When Whitman lost, she gave Price some money to make another trip to Lesotho to continue his work. He made this second trip with lots of blank books and colored pencils. This time students would make two books, one for another classroom and one for them to keep. More teachers were trained and more students up through grade 12, participated.

High school students wrote personal stories from teen parenting to AIDS. When it comes to AIDS, Lesotho is one of the world’s hardest hit countries in the world. Nearly one out of every three people in Lesotho has either HIV or AIDS. ”The thing I like about project is that it can be adapted to fit any age and any subject.” Over 250 books were created by young authors in Lesotho as part of the project.

His worked inspired him to go back to school. In 2011, Ben entered the credential program at Humboldt State University. He felt the teacher training would help him build on the writing program. He was placed as a student teacher in the third grade classroom at Union Street Charter School, under the direction of Greg Gaeira.

“When it comes to teaching writing, especially poetry, my mentor teacher Greg Gaeira has been a wonderful example to learn from,” Price said. “Greg’s love for teaching poetry is contagious, and although teaching poetry can be tricky because many kids aren’t into it at first, he somehow somehow pulls it off in a way where every one of his students ends up loving it. My experience in his classroom has definitely made me want to incorporate more poetry into the next series of LYAP workshops in 2013.”

Comparing the teaching experience in Arcata to Lesotho, Price said that students have many of the same struggles when it comes to learning how to read and write.  But children in Lesotho are forced to overcome additional challenges that most kids here do not. “For example,” he said, “the number of students in U.S. classrooms is a lot smaller than in Lesotho, where a class of 60 children isn’t unusual. This makes the chance of receiving a quality education decrease for each child, simply because of the sheer number of students. This challenge, on top of high poverty and HIV, is what kids in Lesotho have to deal with everyday.”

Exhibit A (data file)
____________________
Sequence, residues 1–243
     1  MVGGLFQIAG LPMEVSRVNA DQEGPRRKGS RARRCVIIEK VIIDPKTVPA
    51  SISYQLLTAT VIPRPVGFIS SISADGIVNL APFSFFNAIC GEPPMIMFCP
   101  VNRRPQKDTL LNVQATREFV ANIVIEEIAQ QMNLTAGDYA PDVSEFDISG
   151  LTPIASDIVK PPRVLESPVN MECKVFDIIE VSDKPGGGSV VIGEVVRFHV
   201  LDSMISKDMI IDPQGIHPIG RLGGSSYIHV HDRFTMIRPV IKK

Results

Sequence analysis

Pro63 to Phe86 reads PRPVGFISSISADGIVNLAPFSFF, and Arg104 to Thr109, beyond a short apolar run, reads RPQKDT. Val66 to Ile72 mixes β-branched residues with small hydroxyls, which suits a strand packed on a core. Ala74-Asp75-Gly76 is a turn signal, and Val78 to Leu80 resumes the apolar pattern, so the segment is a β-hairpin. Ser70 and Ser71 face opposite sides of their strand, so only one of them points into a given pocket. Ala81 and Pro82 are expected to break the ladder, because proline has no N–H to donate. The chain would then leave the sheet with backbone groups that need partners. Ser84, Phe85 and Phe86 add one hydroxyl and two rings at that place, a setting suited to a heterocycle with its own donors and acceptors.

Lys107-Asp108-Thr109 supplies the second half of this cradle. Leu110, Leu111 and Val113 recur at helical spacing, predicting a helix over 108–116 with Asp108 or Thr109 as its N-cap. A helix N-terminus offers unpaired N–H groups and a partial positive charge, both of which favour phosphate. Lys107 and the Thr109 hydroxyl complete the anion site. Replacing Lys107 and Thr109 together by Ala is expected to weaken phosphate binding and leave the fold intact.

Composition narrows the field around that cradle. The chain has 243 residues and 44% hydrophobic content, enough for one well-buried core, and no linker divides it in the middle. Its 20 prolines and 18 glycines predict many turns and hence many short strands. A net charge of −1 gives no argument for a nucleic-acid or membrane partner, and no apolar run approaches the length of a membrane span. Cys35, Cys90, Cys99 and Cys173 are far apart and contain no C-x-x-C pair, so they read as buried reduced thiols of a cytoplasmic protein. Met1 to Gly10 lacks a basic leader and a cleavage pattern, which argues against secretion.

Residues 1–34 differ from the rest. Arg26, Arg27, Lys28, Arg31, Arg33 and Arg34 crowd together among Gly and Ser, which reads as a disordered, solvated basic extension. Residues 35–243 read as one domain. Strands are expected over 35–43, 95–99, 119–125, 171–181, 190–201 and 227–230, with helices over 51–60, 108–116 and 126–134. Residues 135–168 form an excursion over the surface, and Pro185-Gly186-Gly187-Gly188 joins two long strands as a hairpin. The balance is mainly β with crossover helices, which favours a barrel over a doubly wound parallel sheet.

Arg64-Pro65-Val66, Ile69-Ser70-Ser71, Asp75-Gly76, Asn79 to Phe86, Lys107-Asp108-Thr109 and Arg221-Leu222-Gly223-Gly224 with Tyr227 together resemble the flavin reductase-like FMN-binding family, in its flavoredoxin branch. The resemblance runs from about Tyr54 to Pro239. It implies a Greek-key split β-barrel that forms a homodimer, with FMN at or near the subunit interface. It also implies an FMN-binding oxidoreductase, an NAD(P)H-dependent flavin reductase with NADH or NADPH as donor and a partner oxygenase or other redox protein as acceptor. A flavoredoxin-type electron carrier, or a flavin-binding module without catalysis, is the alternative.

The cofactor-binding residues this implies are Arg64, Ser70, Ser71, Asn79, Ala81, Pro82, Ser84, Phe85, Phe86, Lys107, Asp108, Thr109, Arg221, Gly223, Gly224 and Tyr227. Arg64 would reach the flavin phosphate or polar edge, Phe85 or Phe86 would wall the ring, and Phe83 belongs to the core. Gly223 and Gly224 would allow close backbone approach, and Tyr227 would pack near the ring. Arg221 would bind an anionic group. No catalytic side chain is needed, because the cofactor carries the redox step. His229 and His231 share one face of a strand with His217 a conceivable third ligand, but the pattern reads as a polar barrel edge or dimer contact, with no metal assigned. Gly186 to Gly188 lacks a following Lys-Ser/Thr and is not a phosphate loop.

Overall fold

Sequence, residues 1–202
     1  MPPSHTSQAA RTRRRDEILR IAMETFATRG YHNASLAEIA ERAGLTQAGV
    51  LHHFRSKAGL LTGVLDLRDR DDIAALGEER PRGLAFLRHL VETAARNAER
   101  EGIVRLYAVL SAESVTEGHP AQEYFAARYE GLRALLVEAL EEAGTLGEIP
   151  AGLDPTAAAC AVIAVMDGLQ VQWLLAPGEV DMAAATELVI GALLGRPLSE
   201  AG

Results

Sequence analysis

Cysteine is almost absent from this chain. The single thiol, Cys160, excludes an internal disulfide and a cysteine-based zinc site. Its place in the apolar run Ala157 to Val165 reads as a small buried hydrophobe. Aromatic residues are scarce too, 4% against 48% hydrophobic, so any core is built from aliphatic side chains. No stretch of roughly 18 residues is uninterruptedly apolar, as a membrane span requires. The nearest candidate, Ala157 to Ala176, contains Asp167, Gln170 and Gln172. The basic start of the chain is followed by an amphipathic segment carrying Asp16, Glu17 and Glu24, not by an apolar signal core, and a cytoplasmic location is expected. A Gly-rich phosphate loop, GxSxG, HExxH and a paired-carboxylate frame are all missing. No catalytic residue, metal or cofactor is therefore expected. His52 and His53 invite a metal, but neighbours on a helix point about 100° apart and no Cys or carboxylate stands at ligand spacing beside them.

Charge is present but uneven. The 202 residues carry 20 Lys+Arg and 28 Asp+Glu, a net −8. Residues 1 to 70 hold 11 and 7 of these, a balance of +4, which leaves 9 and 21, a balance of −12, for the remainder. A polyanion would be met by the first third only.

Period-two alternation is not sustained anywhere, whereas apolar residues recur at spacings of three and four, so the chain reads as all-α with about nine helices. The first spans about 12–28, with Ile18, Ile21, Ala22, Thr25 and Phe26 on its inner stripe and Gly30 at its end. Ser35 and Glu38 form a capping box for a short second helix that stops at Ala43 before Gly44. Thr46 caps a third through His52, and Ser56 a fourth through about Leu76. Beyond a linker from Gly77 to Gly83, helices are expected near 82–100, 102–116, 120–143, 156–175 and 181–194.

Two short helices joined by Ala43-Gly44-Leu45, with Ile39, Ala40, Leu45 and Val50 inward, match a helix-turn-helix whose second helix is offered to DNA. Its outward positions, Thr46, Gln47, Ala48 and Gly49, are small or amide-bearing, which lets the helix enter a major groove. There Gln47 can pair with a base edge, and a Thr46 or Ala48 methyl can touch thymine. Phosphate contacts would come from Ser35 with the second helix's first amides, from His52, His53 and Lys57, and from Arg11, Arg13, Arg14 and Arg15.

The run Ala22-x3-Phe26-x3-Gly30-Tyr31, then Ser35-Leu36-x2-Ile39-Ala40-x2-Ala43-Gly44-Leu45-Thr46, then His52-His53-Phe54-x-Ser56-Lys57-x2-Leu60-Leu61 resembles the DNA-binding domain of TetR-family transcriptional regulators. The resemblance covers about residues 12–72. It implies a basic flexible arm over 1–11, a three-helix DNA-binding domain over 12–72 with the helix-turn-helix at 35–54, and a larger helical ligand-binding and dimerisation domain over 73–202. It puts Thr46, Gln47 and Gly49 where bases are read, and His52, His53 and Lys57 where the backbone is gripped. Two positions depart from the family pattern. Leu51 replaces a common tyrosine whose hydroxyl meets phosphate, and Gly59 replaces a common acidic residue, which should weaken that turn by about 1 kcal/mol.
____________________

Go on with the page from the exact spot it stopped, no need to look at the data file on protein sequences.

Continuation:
Price plans to go back over in 2013. Until then, he continues to send boxes over to Lesotho for teachers to continue the project. Each student gets two blank books, colored pencils, an eraser, a pencil sharpener and a writing pack. The average cost of materials per child including shipping is $5. Currently the project is run completely on donations. Ideally, Price would like for the project to be completely a Lesotho run non-profit.

“The goal is not to send Americans over there, it is to find and train passionate teachers in Lesotho and give them the materials so they can teach the students,” Price said.

He wants to be a teacher, and plans to have his students write. “No matter what grade I end up teaching, I will definitely have my future students create books. Creating original literature for kids isn’t new thing, it just needs to be done more.”

As he searches for teaching jobs, he also looks to raise more funds for the project. His website now has a donation link through Paypal.

The website includes a beautiful video filmed and created by Price that explains the project. The video shows happy children creating and reading their books. Copies of many of the books are available to view on the website.

To find out more about the Lesotho Young Authors Program or to make a donation, visit